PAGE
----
However, other scholars disagree with these accounts of the origins of Halloween, in part because so little is actually known about the Celtic fesitval of Samhain. Steve Roud wrote in his book, "The English Year," that this was "the most widely misunderstood and misrepresented day in the festival year." He notes, "so many now believe that it was originally a pagan festival of the dead that this belief is virtually impossible to shake. The facts, however, are very different, and are far more elusive and complex." Roud writes:
Hallowe’en’ means the Eve of Hallowtide (1 and 2 November), which was indeed designated as a time to commemorate the dead, but it was a Christian festival inaugurated in the medieval period. There is no evidence that this time of year was celebrated in England before the Christian feast was created. In Ireland, 1 November was ‘Samhain’, the beginning of winter and of the year, and as such it was an important day of gathering and feasting, but not, it seems, of much religious or supernatural significance. Nor is there any evidence of the supernatural at Hallowe’en in early Welsh or Scottish material, except where Irish influence was strong.
The modern Hallowe’en developed from the two closely linked Christian festivals of All Saints (1 November) and All Souls (2 November), which were both concerned in their way with the dead. The festival of All Saints, known in English as All-Hallows or Hallowmas (‘hallow’ from the Old English word for ‘holy man’ or ‘saint’), was instituted to commemorate all the Christian saints and martyrs, known and unknown, who had been instrumental in forming and perpetuating the faith.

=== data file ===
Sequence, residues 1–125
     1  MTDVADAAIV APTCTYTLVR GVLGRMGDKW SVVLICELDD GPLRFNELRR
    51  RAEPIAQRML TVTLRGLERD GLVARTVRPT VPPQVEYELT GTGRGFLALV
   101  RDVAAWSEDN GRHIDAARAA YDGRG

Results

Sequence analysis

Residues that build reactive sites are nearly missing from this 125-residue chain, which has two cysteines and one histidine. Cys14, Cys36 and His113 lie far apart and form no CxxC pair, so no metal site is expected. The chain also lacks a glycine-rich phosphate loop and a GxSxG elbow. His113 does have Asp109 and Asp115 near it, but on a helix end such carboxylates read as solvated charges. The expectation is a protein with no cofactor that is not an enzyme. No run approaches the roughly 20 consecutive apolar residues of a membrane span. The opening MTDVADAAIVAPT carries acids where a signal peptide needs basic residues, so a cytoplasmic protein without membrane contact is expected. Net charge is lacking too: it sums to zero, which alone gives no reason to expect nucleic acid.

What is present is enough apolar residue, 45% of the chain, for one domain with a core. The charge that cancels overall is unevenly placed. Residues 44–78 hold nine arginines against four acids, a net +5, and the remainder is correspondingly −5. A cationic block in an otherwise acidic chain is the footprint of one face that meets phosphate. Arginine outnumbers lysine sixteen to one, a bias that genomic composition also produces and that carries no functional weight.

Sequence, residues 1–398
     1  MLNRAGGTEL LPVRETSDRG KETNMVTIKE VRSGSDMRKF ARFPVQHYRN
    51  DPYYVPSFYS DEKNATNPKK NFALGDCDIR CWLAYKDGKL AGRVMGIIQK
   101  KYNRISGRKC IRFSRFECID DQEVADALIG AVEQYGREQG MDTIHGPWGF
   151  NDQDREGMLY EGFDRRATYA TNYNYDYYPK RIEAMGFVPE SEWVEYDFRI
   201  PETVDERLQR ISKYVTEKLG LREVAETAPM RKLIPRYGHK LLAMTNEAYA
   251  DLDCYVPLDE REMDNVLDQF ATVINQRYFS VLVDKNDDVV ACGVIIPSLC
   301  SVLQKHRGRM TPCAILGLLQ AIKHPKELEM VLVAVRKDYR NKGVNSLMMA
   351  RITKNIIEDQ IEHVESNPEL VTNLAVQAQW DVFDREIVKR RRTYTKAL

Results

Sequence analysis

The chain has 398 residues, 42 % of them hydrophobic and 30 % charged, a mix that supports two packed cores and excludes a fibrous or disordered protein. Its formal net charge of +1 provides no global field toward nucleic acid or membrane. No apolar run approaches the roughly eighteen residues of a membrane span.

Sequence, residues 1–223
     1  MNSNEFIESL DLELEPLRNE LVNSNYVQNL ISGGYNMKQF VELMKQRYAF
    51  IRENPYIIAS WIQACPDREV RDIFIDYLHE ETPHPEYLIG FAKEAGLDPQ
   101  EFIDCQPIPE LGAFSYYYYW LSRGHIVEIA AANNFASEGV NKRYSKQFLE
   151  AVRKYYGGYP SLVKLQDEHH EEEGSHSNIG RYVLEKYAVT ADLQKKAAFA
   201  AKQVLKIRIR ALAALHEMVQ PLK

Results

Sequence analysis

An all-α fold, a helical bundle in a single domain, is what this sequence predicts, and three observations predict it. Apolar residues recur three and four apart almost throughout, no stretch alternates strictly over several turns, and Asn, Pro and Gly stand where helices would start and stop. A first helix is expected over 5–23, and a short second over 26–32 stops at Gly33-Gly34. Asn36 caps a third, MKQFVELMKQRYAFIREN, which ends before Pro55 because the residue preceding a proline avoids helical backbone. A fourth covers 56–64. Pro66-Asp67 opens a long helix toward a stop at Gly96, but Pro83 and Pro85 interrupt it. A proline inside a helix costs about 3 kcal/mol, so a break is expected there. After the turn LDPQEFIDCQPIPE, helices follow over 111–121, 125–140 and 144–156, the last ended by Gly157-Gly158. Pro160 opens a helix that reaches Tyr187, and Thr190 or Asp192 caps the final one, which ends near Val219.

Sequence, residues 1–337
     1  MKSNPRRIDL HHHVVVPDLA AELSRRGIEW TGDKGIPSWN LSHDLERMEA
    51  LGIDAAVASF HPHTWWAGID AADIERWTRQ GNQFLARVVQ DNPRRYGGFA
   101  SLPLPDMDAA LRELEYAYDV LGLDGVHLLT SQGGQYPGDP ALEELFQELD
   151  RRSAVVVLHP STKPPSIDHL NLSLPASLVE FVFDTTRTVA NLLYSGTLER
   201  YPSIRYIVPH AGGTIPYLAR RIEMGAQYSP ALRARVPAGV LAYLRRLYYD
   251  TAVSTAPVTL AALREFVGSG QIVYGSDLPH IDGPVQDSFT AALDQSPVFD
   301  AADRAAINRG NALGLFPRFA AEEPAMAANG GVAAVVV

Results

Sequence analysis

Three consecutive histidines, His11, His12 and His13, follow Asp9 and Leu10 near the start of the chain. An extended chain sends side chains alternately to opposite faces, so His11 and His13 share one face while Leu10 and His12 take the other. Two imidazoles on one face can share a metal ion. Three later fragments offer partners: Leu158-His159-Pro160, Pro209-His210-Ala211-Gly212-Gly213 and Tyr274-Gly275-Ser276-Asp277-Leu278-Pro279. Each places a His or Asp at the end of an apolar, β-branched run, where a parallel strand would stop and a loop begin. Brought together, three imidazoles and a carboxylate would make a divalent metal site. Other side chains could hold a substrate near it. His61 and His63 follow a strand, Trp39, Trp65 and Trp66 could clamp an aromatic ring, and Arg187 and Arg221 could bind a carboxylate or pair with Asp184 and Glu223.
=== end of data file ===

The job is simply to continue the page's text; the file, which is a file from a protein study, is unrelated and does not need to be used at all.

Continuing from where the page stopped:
The feast of All Souls, on 2 November, was added somewhat later, about the year 1000, and was created to commemorate the faithful departed who had gone before. For centuries there had been debate within the Church about whether Christian souls went straight to Heaven or were detained somewhere to undergo painful purgation to prepare them for eternal bliss; a particular problem was what happened to those who died suddenly without final rites, or who had no time to make proper preparation.
Roud elaborated on the practices that may have been continued from medieval times, "the house-visiting custom called souling, reported in the nineteenth century, and the lighting of fires on Hallowe’en."
Similarly, historian Beth Allison Barr argued that the origins of Halloween were mostly Christian rather than pagan. She referenced Nicholas Rogers, author of “Halloween: From Pagan Ritual to Party Night" who wrote: “If Samhain imparted to Halloween a supernatural charge and an intrinsic liminality, it did not offer much in the way of actual ritual practices, save in its fire rites. Most of these developed in conjunction with the medieval holy days of All Souls’ and All Saints’ day.”